Zoning issues addressed by commission

Mary Ann Kearns - [email protected]

Mason County Commissioners gave final approval to an ordinance that vetoes plans to place a convenience-type store off Kentucky 9 near Water Tower Road in the Orangeburg area.

This was the second attempt by the property owner, asking for a zoning change to the property.

Mason County Commissioners originally rejected a request to rezone the 9.9-acre site along Kentucky 9 for a new business venture in 2016.

The property is owned by Deborah Howes, who submitted an application to the Joint Planning Commission, asking that the property be rezoned from agriculture to community. In her application, Howes said she planned to build and operate a drive-thru convenience store at the site.

In September 2016, the JPC heard concerns voiced by residents that included problems with drainage that already exists on the road; safety concerns for vehicles entering and exiting the AA Highway and the narrowness of Water Tower Road. Increased traffic flow interfering with a neighborhood walking path and a general opposition to any commercial development in the area was another issue expressed during the hearing.

A second request from Howes was made to reconsider the issue and a public hearing held on April 4 and the proposal once again rejected by the JPC.

On Tuesday, Howes addressed the court concerning the request and said there is space for Water Tower Road to be widened. She also said making it a dead end road would alleviate any fears of it being overused by traffic entering the proposed business.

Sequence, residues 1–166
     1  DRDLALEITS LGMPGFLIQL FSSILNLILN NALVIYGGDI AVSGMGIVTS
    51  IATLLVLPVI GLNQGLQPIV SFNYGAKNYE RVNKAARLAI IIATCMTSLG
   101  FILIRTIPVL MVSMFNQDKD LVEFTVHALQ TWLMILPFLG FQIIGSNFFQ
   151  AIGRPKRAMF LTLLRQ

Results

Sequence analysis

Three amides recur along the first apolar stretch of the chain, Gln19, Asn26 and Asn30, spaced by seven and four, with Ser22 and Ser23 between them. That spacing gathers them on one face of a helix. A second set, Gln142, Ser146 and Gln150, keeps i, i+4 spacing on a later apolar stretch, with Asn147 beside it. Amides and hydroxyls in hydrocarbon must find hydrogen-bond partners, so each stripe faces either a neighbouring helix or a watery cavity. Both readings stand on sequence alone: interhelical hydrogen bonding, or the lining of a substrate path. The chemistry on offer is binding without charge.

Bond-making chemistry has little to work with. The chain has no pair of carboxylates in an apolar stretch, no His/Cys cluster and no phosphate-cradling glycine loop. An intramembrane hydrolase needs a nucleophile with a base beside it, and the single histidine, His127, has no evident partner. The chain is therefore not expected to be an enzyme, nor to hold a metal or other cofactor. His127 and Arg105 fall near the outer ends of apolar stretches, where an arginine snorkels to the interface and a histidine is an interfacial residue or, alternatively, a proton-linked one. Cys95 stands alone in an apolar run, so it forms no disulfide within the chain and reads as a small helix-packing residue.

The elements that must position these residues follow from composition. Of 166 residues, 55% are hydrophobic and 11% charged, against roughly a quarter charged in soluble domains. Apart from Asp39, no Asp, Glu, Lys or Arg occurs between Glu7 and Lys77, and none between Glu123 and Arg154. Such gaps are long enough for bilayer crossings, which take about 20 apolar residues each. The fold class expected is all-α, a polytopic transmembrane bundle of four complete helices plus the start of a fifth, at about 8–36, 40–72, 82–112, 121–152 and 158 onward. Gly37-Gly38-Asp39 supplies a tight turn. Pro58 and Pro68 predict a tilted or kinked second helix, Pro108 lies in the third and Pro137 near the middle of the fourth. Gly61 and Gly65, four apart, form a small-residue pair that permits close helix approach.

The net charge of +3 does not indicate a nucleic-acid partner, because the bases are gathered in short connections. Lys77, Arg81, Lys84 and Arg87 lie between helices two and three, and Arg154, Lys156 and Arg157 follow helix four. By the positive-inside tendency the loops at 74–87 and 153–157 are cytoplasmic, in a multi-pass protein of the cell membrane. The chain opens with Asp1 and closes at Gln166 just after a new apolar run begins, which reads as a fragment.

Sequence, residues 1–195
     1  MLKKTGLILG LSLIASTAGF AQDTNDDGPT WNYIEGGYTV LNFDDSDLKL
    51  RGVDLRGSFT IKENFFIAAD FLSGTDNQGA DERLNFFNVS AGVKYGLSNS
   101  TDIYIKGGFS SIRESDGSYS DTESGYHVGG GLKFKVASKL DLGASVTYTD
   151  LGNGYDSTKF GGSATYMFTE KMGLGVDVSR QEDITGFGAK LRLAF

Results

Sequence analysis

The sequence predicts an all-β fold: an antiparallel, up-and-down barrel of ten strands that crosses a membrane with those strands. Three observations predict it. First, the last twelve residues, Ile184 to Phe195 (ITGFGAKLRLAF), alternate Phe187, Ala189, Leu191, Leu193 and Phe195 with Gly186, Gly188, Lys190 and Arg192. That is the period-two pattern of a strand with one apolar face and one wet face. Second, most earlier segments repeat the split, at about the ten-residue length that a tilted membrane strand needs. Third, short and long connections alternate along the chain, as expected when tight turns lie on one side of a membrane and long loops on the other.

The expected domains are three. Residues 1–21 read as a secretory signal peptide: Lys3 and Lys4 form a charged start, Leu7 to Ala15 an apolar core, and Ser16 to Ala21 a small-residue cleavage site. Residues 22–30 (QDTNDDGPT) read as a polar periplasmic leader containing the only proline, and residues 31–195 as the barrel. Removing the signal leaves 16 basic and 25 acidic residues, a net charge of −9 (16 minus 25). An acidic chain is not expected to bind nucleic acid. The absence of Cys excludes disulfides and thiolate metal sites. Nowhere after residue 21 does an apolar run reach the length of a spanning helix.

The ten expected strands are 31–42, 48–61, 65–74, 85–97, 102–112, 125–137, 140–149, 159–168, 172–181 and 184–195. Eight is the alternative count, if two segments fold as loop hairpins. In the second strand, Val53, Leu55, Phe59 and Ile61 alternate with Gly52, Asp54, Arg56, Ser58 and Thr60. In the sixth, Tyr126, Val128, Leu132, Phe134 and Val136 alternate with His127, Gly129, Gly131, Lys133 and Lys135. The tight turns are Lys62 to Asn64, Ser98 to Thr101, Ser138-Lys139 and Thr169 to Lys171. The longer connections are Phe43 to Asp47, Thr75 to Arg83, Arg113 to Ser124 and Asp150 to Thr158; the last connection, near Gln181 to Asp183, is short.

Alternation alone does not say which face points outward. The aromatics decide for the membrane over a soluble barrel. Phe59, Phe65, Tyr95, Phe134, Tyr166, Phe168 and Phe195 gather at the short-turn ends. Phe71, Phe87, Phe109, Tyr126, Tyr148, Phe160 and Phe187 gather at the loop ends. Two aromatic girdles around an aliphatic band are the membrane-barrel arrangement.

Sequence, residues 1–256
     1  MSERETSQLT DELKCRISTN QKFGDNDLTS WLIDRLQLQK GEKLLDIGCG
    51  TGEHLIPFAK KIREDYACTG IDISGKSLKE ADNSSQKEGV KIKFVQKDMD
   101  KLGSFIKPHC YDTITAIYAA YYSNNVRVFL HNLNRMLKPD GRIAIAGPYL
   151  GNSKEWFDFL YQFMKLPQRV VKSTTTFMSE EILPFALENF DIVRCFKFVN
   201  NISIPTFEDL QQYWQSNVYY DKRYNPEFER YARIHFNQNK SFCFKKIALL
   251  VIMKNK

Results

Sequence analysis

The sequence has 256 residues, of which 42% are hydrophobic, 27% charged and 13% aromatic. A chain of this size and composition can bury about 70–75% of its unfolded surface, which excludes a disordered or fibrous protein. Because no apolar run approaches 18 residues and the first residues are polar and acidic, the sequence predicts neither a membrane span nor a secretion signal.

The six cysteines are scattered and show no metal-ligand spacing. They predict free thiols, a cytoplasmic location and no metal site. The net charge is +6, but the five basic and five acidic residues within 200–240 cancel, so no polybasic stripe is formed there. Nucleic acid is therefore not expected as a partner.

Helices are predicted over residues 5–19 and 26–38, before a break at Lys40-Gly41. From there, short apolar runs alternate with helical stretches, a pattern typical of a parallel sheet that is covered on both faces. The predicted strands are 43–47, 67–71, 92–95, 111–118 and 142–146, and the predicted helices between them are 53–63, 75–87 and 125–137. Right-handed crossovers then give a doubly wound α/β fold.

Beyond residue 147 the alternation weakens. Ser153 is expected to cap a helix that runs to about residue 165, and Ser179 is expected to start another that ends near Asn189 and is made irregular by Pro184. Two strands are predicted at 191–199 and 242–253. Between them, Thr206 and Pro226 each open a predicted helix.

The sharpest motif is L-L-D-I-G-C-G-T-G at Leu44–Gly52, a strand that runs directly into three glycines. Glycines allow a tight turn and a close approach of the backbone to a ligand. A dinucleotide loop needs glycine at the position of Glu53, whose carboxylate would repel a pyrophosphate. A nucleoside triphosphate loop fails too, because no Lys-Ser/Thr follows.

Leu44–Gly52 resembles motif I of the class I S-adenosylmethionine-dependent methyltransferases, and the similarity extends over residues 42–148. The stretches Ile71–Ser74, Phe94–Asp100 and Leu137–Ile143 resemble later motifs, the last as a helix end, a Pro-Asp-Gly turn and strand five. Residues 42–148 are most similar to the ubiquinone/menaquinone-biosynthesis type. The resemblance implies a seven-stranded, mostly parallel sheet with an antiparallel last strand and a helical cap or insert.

After hearing from Howes, the court voted unanimously to uphold the JPC’s recommendation that the property not be rezoned.

In another zoning-related issue, commissioners held the second reading of an ordinance adopting recommendations of the JPC to rezone property belonging to Shambre Bradford from agricultural to business. Bradford sought the change so the property on Kentucky 11 near the intersection of Kentucky 9 can be utilized as an auto impound lot.

The JPC originally considered the change and made the recommendation in May 2017 but the county rejected the recommendation because of the lack of an ordinance regulating such businesses. Following flash flooding last summer, the county and city enacted an ordinance which more closely regulates salvage yards and similar businesses.

Bradford must still acquire a conditional use permit from the Board of Adjustment for the property.

In other business Tuesday, Commissioners learned the County Attorney John Estill will step back from duties on May 22, Election Day to avoid any issues of conflict or impropriety. Estill said he has enlisted Fleming County Attorney John Price to cover if any questions concerning the election, voting or civil matters arise on that day and Commonwealths’s Attorney Kelly Clarke will step if there are any incidents requiring criminal court coverage.

Commissioners also:

— Approved reports from the Sheriff, Treasurer, Road Department, Animal Control Officer, Landfill, Solid Waste and Recycling, and Detention Center.

— Approved a resolution from the Kentucky Transportation Cabinet cooperative agreement.

— Agreed to authorize County Judge-Executive Joe Pfeffer to secure earthquake coverage for county property.

— Learned David Reed was reappointed to the Maysville-Mason County Port Authority, David Maher to the Fleming-Mason Airport Board and Mark Kachler was appointed to the Tax Assessment Appeals Board.

— Heard a report on the Ethics Committee meeting.

— Heard from Ashley Moore and Aaron Rigdon from New Hope Community Services.


Mary Ann Kearns

[email protected]